My 18 yr old received a MIP ticket one year after the incident occurred?

My daughter was at a Mariner game, had a beer and was approached by an officer, who established she was not of age, poured out here beer, took down her information and she left. One year and 2 months later, she received a MIP citation in the mail? Isn't this a little late?

Seattle, WA -

Attorney Answers (3)

Gregory L Fullington

Gregory L Fullington

Lawyer - Federal Way, WA
Answered

You may be correct. Possession of alcohol by a minor is a misdemeanor under Wahsington law. RCW 9A.04.080(1)(j) states that no misdemeanor may be prosecuted more than one year after its commission. What you want to look for is when the charge was filed by the prosecutor. If it was filed prior to the one year statute of limitaitons, then it will likely stand up. However, if it was filed after the one year period, you likely have a defense to the charge.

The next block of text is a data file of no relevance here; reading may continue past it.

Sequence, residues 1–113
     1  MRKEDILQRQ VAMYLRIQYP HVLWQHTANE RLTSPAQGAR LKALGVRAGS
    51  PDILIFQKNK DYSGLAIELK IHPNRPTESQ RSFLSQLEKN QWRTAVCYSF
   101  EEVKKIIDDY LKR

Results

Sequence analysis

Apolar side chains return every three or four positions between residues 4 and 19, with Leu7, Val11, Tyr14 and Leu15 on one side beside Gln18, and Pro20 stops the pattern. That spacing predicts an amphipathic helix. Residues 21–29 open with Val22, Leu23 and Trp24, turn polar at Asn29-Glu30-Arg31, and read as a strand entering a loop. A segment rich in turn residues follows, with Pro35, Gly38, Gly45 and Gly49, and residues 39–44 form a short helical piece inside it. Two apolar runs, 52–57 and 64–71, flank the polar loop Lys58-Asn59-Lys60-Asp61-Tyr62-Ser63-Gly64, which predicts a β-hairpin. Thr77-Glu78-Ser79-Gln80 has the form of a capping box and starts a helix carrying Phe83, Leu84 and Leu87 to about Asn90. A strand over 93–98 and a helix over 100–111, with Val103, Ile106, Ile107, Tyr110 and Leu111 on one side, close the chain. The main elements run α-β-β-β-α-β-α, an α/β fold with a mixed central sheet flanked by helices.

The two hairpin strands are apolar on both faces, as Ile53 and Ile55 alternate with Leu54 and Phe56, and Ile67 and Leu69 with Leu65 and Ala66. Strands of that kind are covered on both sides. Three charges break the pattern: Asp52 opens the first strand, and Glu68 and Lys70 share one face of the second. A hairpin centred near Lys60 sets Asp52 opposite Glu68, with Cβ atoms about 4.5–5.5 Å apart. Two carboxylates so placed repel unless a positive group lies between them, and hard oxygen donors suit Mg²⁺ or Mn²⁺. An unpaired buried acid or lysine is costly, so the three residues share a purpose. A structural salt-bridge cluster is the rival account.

Liza E. Burke

Liza E. Burke

Juvenile Law Attorney - Seattle, WA
Answered

Yes, it does seem a little late, but the prosecutor has filed the charge within proper timelines. MIP is a gross misdemeanor and gross misdemeanors can be filed if filed within two years of the incident. However, a review of the facts and procedure thus far might reveal other possible avenues of defense.

Joseph Briscoe Dane

Joseph Briscoe Dane

Criminal Defense Attorney - Tustin, CA
Answered

In addition to the statutory cut-off for the prosecution to file charges, there may be a common-law motion to dismiss for pre-filing delay. It's not as though this case was so complicated or took a lengthy investigation before it could be filed.

Even if the prosecutor's office met the statute of limitations, your daughter's attorney should look into the second prong of this motion to dismiss.

Questions? An attorney can help.

Ask a Question
Free & anonymous.
Find a Lawyer
Free. No commitment.